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Chemo after solid tumors linked to higher risk for rare blood cancers

By Tauren Dyson
Chemo after solid tumors linked to higher risk for rare blood cancers
New research suggests that chemotherapy used against most solid tumors -- or, most kinds of cancer -- can lead to the development of a form of blood cancer. Photo by klbz/Pixabay

Dec. 20 (UPI) -- Chemotherapy is a common treatment for cancer, but in some cases, it could be causing more harm than good, new findings say.

The research, published Thursday in JAMA Oncology, found that people who received chemotherapy to treat 22 of the 23 solid experienced between a 1.5 fold to 10 fold increase in risk of developing therapy-related myelodysplastic syndrome/acute myeloid leukemia, or tMDS/AML.

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"Certain types of chemotherapy are known to elevate risk for acute myeloid leukemia/myelodysplastic syndrome, including alkylating agents, platinum compounds and topoisomerase II inhibitors," Dr. Lindsay Morton, lead author of the study and a senior investigator in the National Cancer Institute's Division of Cancer Epidemiology and Genetics, told UPI. "These agents are thought to elevate risk for blood cancers because they cause direct damage to the DNA in blood cells, but the exact mechanism is still under investigation."

Because incidents of the disease are so sparse, past studies of tMDS/AML included small sample sizes that produced scant data.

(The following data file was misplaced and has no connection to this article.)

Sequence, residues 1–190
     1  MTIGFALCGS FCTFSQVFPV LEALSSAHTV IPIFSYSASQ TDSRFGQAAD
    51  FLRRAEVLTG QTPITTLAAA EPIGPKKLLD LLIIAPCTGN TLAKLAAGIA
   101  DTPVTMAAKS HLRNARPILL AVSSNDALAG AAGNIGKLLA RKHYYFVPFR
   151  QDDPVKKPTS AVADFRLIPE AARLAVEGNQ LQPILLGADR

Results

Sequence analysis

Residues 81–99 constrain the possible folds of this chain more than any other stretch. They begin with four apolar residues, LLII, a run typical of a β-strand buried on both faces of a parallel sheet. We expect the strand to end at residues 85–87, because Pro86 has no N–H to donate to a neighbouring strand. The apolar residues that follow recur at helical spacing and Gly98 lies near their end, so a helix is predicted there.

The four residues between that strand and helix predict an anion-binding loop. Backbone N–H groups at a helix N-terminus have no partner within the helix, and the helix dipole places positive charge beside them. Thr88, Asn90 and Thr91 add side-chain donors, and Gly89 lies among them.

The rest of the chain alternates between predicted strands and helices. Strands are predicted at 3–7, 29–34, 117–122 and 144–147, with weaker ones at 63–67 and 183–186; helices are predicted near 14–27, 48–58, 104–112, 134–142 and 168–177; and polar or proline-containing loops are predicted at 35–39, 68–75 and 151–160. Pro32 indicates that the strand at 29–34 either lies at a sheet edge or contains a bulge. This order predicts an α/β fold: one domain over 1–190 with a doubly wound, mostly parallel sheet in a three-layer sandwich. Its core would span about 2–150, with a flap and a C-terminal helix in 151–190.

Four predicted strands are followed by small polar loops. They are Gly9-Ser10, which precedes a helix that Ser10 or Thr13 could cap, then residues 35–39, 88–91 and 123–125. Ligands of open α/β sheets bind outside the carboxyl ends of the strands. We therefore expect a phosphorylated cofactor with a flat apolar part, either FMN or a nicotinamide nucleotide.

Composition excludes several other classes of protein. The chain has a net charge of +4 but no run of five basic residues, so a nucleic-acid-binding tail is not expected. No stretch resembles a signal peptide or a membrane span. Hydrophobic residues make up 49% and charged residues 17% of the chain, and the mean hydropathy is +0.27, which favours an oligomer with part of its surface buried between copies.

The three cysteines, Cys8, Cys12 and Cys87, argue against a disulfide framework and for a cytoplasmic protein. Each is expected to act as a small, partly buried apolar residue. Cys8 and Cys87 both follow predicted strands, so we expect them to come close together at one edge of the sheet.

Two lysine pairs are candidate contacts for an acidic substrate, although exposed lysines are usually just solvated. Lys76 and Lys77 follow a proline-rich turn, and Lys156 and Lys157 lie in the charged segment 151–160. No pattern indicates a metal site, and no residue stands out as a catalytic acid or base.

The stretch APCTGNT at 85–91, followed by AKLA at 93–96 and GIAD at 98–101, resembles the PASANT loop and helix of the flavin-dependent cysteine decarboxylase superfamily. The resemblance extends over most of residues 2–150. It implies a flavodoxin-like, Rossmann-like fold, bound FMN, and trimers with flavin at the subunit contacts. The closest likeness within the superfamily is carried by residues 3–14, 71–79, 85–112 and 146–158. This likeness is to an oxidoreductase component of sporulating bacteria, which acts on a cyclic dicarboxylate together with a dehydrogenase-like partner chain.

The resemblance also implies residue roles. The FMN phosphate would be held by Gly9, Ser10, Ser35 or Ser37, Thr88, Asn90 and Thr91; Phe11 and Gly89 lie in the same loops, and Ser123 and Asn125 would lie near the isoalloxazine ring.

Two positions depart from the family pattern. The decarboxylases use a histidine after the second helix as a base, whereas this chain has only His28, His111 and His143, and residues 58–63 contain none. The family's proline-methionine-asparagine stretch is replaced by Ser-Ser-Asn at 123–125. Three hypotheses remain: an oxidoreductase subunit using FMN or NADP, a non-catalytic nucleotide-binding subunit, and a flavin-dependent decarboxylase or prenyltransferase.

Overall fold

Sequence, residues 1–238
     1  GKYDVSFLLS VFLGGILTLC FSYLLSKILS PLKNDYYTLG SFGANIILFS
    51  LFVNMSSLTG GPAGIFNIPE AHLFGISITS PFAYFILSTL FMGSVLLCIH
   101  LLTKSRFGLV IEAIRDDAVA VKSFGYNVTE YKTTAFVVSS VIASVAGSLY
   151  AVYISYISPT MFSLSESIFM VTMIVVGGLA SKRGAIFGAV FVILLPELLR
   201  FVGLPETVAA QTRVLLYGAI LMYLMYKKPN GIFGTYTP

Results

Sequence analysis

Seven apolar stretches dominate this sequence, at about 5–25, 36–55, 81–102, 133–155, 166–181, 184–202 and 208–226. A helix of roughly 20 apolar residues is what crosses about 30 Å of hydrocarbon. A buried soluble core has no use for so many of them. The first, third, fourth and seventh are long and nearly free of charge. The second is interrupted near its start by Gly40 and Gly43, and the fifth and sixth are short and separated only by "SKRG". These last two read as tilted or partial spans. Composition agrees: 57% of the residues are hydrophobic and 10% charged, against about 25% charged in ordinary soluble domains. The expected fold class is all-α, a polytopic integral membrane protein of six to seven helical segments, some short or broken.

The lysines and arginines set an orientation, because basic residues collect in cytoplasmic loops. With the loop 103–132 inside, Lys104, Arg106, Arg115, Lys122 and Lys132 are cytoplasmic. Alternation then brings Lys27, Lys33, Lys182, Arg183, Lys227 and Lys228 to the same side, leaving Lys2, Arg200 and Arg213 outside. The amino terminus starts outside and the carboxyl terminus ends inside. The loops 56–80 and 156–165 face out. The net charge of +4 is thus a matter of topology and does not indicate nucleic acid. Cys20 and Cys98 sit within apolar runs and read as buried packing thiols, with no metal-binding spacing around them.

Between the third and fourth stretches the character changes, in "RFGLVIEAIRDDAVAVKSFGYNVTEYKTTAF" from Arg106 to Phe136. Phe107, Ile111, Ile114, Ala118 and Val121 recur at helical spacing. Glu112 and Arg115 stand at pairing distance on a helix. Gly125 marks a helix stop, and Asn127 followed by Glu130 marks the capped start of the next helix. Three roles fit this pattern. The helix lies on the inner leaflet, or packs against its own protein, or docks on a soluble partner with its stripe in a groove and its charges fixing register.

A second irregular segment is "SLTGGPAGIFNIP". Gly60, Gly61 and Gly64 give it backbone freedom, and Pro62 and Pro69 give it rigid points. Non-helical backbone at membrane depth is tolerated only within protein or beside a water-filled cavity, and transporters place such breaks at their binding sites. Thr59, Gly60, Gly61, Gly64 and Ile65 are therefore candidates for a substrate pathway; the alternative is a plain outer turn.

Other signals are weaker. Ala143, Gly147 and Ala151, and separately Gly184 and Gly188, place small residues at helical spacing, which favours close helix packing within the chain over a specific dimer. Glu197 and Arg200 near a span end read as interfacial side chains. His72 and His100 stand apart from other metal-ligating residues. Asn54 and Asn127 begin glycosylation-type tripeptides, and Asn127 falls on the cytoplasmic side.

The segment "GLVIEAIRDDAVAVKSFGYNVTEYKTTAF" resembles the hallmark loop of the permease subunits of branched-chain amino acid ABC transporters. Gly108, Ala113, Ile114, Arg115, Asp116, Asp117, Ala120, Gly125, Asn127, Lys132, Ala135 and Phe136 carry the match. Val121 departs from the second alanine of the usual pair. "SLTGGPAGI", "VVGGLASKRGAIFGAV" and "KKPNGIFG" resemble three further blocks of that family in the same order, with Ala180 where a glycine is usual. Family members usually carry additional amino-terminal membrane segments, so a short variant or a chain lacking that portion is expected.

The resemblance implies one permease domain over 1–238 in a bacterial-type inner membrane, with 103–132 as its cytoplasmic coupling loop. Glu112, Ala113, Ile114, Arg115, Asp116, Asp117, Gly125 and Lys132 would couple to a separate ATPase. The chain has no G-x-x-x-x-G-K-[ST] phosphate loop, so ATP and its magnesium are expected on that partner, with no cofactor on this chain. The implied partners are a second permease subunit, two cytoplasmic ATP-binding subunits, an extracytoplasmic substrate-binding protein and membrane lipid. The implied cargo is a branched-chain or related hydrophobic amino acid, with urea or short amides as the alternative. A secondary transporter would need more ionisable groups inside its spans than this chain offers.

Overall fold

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For this study, researchers examined data from more than 700,000 people between ages 20 and 84 diagnosed with solid tumors who survived at least one year after receiving initial chemotherapy between 2000 and 2013.

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More than 1,600 of these people developed therapy-related myelodysplastic syndrome/acute myeloid leukemia, or tMDS/AML, a rare but fatal blood cancer.

Throughout the study period, the number of patients treated with platinum-based chemotherapy agents rose sharply, from 57 percent of patients between 2000 and 2001 to 81 percent between 2012 and 2013.

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Platinum-based chemotherapy agents can increase risk of tMDS/AML, researchers say.

The Leukemia & Lymphoma Society expects that new leukemia, lymphoma and myeloma cases to make up 10 percent of approximately 1.7 million new cancer diagnoses by the end of this year.

Morton wanted to use her research to pinpoint more precisely the risk of developing tMDS/AML.

"Modern cancer therapy has resulted in improved survival for many people with cancer," Morton said. "The goal of our research was to quantify the risk of therapy-related acute myeloid leukemia/myelodysplastic syndrome, which occurs infrequently, in order to help balance these risks for patients treated in the modern era against potential gains in survival from chemotherapy."

The researchers hope the study can help limit the use dangerous of chemotherapy drugs and push for the development of safer solid cancer treatments in the future.

"Chemotherapy-related risks have been reported previously," Morton said. "For example, there have been detailed studies of platinum-based chemotherapy for testicular and ovarian cancer showing elevated risk for treatment-related leukemia."

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"Continued efforts are needed to minimize exposure to cytotoxic chemotherapy without sacrificing efficacy. It is critical that we develop additional effective agents and cancer treatment approaches with fewer late sequelae," she added.

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